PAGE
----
It’s OK to be white

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Pauline Hanson

Socio-cultural attitudes are the first line of defence of any cultural matrix. Any change occurring in such attitudes reflects either openness or restriction in cumulative cultural behaviour of a society. Australia was widely supposed to be immune to the race-related matters as its far-flung location and specific immigration policies had ensured that it may not be negatively affected by growing cultural consciousness around the world.

But not anymore. Australian Senate has narrowly defeated a motion condemning “anti-white racism”, by just three votes indicating the deep presence of feelings of alienation between the people living in the wide stretches of Australian lands. Pauline Hanson, the leader of Australia’s far-right One Nation party, wanted backing for her motion which stated “it is OK to be white”. She is vastly known for her publicity stunts but this time round did not hesitate to bring the matter up in the national legislature.

The legislative motion was aimed at addressing the “deplorable rise of anti-white racism and attacks on Western civilisation”. The apparent conviction of the bill disguised intense resentment against boat-people who frequent vast shores of Australia and the determination of its authorities to keep tight control on immigration. Australians do not mind living in their splendid isolation and are deeply conscious of keeping them aloof from demographic shifts taking place in most parts of the globe.

Lauren Southern
Derryn Hinch
Lucy Gichuhi

Pauline Hanson is derided for her political stunts and hit the headlines when she appeared wearing a burka. Her antics led to the observations that the bill floated by her was part of wider ruse to attract attention but the uncomfortable fact that a number of ruling party politicians backed the motion unnerved many circles. To the utter surprise of almost everyone, among the 23 people who voted in favour was Australia’s first parliamentarian of black African descent, Kenyan-born Lucy Gichuhi of the governing coalition. It was unheard of that a member of minority community would side with an extreme legislation but Gichuhi openly dissented with the opinion of her community.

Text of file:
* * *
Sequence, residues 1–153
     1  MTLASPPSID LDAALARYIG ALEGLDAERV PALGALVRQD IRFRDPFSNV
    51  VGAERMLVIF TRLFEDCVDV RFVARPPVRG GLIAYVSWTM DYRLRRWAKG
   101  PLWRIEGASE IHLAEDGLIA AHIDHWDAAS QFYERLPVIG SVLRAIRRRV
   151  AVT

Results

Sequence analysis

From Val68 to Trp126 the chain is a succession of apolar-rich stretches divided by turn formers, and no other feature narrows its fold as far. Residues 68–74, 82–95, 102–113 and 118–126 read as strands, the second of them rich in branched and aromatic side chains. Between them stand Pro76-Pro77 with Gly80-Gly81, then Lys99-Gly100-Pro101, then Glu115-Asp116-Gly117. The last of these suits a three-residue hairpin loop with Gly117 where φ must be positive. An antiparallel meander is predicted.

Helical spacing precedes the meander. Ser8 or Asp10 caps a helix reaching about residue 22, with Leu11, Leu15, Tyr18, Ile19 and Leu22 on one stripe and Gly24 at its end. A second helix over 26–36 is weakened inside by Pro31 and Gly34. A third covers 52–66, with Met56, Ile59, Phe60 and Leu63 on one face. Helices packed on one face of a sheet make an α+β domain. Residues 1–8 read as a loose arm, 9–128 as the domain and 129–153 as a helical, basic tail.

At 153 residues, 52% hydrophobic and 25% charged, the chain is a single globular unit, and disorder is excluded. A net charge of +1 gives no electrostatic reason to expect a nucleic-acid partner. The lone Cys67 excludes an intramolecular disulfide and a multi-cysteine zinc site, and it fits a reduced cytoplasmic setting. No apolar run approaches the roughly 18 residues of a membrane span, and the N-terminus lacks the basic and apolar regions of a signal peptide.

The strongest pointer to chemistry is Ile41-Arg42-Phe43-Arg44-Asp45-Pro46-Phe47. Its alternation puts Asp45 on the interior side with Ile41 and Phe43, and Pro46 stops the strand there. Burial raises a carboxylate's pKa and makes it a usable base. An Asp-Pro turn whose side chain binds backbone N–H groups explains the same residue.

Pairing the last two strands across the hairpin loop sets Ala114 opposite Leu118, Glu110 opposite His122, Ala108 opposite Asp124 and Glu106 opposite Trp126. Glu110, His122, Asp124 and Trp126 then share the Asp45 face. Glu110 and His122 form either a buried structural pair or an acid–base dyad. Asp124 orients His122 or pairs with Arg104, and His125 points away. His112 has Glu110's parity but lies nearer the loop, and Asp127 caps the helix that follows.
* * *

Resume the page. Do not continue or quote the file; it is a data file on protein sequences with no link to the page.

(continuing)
It was not only the political fringe within Australian system that voted in favour of the bill but it also secured support of many members of the government including the Deputy Senate Leader and Trade Minister Simon Birmingham, Indigenous Affairs Minister Nigel Scullion and Deputy National leader Bridget McKenzie. Obviously the contents of the bill hit the raw nerve of white Australians who felt the pressure of identifying with their cultural legacy. Unfortunately, most legislators were carried away by the simplistic notions expressed in the bill without realising that the measure being capable of creating widespread schisms and differences.

Speaking ahead of the vote, Ms Hanson said “people have a right to be proud of their cultural background, whether they are black, white or brindle”. “If we cannot agree on this, I think it’s safe to say anti-white racism is well and truly rife in our society,” she added. Apparently there appeared nothing adverse in her utterances except the divisive intent of the deeper meanings hidden in innocuous feelings of hurt.

However saner political segments felt the pressure of the intent as one of those who opposed the bill, Justice Party Senator Derryn Hinch, called it a “headline-grabbing stunt”. He said Ms Hanson was “in a race” with another of her colleagues “to the bottom of the sewer” by seeing “who can be the biggest, the loudest, racist bigot”. He may have used strong words to express his dissent but in the longer run he may be proven right about the actual ramifications of a singular position taken by the far right wing of the political divide.

The phrase “it’s OK to be white” has been popularised online among far-right groups. Its inclusion in the motion is also seen as a nod to the Canadian activist Lauren Southern, who wore a T-shirt emblazoned with the phrase when she visited Australia earlier this year. In March, Ms Southern was refused entry to the UK on the grounds that her actions “present a threat to the fundamental interests of society”.

The UK authorities were acutely mindful of the difficulties experienced by the British society in bringing harmony and unison within the spread of ethnic minorities residing in the country. It must always be borne in mind that ultra-right wing sentiments are easy to harbour but are difficult to sustain in the longer run.

Baqar Bilal Hussain is a social activist

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